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Bill Approved Affecting Guardianship in Florida

Posted on: March 23rd, 2015
guardianship changesGuardianship laws can help to ensure that adequate care is provided for a minor, an incapacitated adult, or a special needs individual. However, these laws are neglected at times. In 2014, news reports surfaced over an investigation of Florida guardianship abuse by court-appointed guardians. If a family member or individual is concerned about the conduct of a guardian, what can they do? Currently the law provides them the option to submit a complaint to a probate judge. Several bills that have been approved—and others that are sponsored as of this writing—could change this process. 

Senate Bill 1226 proposes the founding of a new agency exclusively dedicated to guardian supervision. The potential agency, which would be called “The Office of Public and Professional Guardians,” would be structured to impose disciplinary actions and monitor guardian conduct. 

Currently, when a petition for incapacity is filed in Florida, any powers of attorney the individual had in place would be suspended automatically. This could create serious conflict among families, and also prevent important financial and medical decisions from being made in a timely manner. Senate Bill 318 proposes to remove this automatic suspension.

As the law stands now, any adult may file a petition with the court to determine another person’s incapacity. The court appoints an attorney to represent the potentially incapacity individual. Then a court-appointed committee examines the individual and submits a report. If the committee agrees with the petition, a hearing is scheduled where total or partial incapacitation will be determined. Generally, a guardian is appointed at the closure of the hearing. Senate Bill 318 sets forth new requirements that would make it more challenging for an individual to be declared incapacitated. The bill’s provisions also include options for family to pursue guardianship disputes out-of-court through mediations and arbitrations. According to the Herald Tribune, the bill “would require advance notice be given to the allegedly incapacitated person and their attorney if a petition for a guardianship is sought. It would also reduce the time for temporary guardians from 90 days to 60 days and it would discourage courts from appointing temporary guardians as a permanent guardian of a ward.”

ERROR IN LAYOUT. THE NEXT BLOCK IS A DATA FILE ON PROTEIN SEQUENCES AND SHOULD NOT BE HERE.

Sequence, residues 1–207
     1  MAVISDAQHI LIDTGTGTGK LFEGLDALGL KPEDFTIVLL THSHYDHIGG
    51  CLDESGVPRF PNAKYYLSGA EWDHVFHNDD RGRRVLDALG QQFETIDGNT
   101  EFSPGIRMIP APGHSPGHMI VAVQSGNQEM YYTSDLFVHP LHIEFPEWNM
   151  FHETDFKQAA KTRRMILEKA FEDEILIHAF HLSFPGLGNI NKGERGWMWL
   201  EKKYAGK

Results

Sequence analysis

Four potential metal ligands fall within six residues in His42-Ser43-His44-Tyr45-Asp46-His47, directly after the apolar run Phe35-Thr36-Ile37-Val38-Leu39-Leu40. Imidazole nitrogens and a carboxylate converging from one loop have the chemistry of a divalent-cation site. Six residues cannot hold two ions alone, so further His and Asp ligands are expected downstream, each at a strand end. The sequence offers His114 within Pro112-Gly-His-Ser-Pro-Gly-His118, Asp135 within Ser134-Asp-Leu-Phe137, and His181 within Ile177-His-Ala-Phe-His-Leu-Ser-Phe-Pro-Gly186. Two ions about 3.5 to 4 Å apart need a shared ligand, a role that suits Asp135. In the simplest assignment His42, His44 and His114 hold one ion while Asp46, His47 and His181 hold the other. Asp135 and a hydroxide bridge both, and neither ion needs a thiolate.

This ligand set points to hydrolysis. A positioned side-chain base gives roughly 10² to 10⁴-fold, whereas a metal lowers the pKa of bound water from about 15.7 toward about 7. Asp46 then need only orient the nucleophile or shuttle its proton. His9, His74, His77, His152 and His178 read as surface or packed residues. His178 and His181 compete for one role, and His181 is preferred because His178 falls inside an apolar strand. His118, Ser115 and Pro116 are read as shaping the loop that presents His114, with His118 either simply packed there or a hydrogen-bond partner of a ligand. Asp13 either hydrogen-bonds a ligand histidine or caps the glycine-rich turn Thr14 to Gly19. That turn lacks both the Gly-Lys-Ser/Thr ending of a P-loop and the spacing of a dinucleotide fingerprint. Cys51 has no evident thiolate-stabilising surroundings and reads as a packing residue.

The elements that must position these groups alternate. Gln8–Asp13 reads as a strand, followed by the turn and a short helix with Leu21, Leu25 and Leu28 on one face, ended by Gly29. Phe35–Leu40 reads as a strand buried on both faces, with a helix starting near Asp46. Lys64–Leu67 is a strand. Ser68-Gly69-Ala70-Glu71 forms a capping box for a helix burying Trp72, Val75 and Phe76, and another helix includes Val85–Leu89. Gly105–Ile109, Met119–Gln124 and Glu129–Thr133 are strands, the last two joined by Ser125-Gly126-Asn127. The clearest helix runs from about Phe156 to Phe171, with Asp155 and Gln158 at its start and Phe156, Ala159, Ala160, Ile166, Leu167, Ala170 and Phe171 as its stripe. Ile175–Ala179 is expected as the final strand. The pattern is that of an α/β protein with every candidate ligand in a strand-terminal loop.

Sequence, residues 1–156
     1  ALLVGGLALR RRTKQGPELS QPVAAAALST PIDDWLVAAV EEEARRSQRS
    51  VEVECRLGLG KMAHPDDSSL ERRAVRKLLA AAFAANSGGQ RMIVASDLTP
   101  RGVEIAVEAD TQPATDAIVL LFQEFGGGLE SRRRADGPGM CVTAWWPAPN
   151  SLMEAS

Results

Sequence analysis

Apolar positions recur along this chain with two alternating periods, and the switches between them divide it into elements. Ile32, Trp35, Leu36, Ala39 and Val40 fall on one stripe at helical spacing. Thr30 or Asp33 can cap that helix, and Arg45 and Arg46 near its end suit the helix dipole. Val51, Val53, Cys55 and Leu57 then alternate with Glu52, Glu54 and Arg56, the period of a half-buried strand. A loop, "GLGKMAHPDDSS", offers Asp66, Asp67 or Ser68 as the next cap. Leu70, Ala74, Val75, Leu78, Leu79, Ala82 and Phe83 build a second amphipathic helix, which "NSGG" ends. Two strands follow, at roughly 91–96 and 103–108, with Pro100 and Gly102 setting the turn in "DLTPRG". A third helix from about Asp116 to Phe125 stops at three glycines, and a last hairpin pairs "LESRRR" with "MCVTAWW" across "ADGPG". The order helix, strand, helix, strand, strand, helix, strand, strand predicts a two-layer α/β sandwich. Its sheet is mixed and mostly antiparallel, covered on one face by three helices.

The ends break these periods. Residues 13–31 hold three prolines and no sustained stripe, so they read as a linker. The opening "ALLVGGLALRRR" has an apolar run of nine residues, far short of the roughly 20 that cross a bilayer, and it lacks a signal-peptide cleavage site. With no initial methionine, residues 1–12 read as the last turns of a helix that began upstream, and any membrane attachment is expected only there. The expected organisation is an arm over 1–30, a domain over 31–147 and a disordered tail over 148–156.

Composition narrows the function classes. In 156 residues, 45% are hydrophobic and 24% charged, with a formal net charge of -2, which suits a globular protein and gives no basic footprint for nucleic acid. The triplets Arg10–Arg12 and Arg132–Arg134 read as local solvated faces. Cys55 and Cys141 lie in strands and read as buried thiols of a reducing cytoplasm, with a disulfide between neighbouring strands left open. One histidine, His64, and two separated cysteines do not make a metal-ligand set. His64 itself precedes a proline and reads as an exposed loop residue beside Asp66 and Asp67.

Costs of guardianship in Florida could deplete an individual’s assets. Trusts and other planning tools can help structure assets to cover guardianship fees and preserve assets for family. Courts currently determine and approve professional guardian fees. House Bill 5, if passed, would cap Florida guardian fees, and powers in some circumstances. 

Possible guardianship law changes should prompt many individuals to update their estate plans. Follow our estate planning attorneys in Miami on Twitter and Facebook to learn about legislation changes as they happen.
 
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